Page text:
Mount Kent
The official summit of a long ridge above highways 742.

Axel and I headed out on a gorgeous morning to try and summit this by Andrew Nugara's newly printed route.


Click to view full map

The trail and directions essentially consist of 'find correct drainage. go up. turn a little, turn a little, go up.'
The route marked is a guess once it leaves the drainages, as we were never quite certain where we were.

The 'double drainage' was distinctive, and we set off up the mostly dry creekbed.
At the beginning, it was an interesting mess of rock-hopping and debris-dodging.
As we continued up the creek, almost always able to walk right up the bed, it turned into some neat slabby terrain.
The ascent up the drainage continued until we broke into sunlight right around a distinctive split in the beds.

Low-lying clouds in the valleys on our way out.

Interesting maze in the bottom of the creekbed.

The first waterfall cascade.

Axel making his way up the side of a steep part.

Axel heading up the cool slabs.

The sun blinds our view of the rocky parts ahead.

Really cool folding and cleaving in a rock along the side.

At this point there is a mistake in the text of the book (More Scrambles in the Canadian Rockies).
While the photo clearly shows a jog right, then turn left up slabs, the text reads simply
"...the drainage splits. Take the left fork, arriving at a slab about 100m up."
This should read (as posted by Mr. Nugara on the rmbooks forum) "...the drainage splits. Take the right fork.
Shortly after, the drainage splits again. Take the left fork, arriving at a slab about 100 m up."

Anyways, we took the left fork, and pioneered our own route, I guess.
I suspect that once above the trees, the terrain is similar everywhere, and you can take any of a number of similar ascents.

The left fork we took.

The right and correct fork - which should fork again left soon.

Axel near where we turned off up slabs.

Really neat frost patterns on a rock.

More cool frost.

Looking further up the left fork that is the wrong way.

The slabs we turned up.

Despite being up the 'wrong' side, the left fork seems to have slabs starting ~100m up as well, which we began to climb.
At the beginning, it was mostly easy walking up great rock, though a few places required handholds.
As we got higher, parts started to steepen, and we had to look more carefully for good spots that were not too steep or loose.

Axel climbing around a bit.

Axel climbing up a great slab. -Ascent drainage in the background

Mineral deposit.

Cool geodic thing in a rock.

Interesting bug...

Axel using an outcrop for help up a steep bit

Walking along a bit of vegetation for better stability.

angle

The slabs get a little steep for comfort.

Mishmash terrain near the top.

We topped out at a low point in the long ridge, and were blasted by wind.
Uncertain of our position, but expecting to be south of the summit, according to the route directions, we could not determine the true summit.
There was a high point directly south of us, as well as one a ways north along the ridge.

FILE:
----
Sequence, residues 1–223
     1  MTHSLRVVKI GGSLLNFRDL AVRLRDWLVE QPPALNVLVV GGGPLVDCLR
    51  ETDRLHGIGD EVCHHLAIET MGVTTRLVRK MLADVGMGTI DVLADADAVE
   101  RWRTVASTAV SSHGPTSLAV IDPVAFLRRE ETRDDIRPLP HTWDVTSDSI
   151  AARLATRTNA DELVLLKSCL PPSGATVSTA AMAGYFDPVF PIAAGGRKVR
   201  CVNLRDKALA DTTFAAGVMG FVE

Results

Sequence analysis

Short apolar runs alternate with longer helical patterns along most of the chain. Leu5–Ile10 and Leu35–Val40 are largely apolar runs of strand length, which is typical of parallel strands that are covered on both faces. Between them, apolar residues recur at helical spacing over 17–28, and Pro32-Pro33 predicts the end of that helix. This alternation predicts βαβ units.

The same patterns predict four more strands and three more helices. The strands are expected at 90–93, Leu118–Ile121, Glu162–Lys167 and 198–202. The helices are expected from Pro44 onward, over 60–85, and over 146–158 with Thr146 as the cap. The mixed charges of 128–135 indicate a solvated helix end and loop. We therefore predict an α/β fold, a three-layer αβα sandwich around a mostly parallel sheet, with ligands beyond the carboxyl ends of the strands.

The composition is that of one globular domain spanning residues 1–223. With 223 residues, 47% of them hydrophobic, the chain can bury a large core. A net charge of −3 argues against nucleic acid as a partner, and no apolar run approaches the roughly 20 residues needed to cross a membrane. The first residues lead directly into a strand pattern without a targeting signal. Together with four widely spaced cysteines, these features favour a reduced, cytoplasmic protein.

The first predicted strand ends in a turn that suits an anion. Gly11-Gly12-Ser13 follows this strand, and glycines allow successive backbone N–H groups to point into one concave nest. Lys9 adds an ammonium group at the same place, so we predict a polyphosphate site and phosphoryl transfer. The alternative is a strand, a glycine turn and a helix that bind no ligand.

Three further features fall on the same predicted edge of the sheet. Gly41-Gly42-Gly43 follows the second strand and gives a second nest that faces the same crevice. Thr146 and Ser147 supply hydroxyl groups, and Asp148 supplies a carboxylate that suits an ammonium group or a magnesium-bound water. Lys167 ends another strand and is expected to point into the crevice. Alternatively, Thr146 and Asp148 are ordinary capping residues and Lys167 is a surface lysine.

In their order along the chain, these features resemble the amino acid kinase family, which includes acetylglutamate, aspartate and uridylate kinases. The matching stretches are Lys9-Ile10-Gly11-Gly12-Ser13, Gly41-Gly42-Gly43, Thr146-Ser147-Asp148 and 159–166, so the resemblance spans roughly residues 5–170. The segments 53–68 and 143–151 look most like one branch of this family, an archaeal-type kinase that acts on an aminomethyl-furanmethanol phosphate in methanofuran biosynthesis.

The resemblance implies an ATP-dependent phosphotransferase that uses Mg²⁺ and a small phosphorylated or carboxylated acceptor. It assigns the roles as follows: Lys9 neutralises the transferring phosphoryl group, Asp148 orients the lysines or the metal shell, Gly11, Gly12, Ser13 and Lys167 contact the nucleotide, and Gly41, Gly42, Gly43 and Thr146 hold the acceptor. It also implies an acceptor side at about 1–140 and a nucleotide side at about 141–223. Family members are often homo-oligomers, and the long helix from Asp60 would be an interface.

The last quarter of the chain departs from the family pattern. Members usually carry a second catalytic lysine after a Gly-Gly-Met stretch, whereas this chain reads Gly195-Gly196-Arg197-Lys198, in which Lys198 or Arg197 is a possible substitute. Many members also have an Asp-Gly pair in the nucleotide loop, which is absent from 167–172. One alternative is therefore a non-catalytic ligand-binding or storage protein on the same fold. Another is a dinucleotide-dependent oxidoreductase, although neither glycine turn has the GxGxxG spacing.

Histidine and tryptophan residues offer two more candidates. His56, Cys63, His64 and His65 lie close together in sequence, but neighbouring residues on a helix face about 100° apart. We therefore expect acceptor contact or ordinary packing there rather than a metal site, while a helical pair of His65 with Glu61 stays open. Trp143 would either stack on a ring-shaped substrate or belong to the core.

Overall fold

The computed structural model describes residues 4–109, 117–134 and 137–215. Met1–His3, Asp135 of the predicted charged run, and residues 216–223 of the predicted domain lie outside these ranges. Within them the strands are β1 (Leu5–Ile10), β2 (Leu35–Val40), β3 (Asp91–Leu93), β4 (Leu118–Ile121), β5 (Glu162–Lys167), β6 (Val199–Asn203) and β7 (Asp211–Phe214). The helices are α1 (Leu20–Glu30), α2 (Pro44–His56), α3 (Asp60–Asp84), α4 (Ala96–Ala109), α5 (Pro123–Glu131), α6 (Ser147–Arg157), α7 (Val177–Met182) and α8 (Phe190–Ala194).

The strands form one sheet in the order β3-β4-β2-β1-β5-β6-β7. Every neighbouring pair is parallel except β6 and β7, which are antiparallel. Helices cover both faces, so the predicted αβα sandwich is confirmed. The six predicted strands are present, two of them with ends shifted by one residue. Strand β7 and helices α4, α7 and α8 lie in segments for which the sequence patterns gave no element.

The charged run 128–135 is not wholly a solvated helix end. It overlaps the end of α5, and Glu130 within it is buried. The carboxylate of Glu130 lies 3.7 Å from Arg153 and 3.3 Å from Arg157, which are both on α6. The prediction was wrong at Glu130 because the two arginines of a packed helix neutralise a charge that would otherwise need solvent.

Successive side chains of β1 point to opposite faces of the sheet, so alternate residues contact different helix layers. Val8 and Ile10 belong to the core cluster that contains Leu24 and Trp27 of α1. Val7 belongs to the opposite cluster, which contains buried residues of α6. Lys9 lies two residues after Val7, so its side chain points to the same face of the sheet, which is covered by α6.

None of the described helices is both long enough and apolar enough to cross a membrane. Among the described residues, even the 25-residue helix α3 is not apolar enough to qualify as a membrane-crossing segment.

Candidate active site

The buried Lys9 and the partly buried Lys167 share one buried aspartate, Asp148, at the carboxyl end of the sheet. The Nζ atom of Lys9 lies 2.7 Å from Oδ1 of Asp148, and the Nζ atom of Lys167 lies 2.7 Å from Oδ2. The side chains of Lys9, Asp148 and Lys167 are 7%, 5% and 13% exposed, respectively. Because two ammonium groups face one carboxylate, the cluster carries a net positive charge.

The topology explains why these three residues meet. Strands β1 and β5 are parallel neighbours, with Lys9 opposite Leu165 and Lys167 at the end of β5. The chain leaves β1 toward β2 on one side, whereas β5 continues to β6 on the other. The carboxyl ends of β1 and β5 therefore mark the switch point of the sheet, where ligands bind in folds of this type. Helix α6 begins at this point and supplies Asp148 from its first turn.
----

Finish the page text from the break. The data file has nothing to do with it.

We decided to aim for that south of us, as the ridge looked above our comfort level between us and the north high point.
Now, knowing that we climbed up rather north of the intended description, I suspect the true summit was, in fact that one.

Looking towards the high point south.

High points north of us along the ridge.

Pano shot of peaks to west.

Basin between Kent Ridge (continues along left) and Mounts Inflexible and Lawson.

Empty Warspite Lake (lower cirque) and Black Prince Cirque
(above the headwall) below unnamed and Mount Black Prince.

Mount Joffre (3450m) covered by the Mangin glacier. Indefatigable and Invincible in foreground.

Mount Smith-Dorrien (3155m) Mount French behind, and Robertson peeking over.

We decided to try for what we chose to call the summit, but getting closer, we were warned off.
The ridge up to it was not desirable, and the terrain to access it straight up was steeper and looser than we wanted to try.
Becoming concerned about our ability to descend at all, we chose not to try for the summit, and instead seek a better way down.
Made for some interesting routefinding practice at this point.

Slope we chose not to ascend.

From our highpoint, looking down our hopeful descent line.

Axel on the way down.

Picking down the loose rock in another drainage.

Closer view of our objective - so far okay!

Looking back up the terrain we descended.

Looking back up the drainage we returned by.
I believe that somewhere up here is the correct ascent route.

Axel starting back down the main 'trail'.

We found our way down to the saddle without too much trouble, then quickly descended a loose slope which connected to
the right fork of the drainage we'd turned from in the beginning.
I'm not sure where exactly, but somewhere along the last part of our descent is the proper trail up.

an interesting obstacle on the way down the drainage.

Axel making his way through the rubble.

Piglet!

Piglet checks out the slabs.

Piglet finds a wee waterfall.

Piglet and his waterfall.

This turned out to be an awesome trip - an interesting route the entire way, great scambling, and incredible weather.
While our route was very enjoyable, I'll have to come back and try again to check out the intended route, and see if I can make the summit after all.

Photos taken by Rachel.

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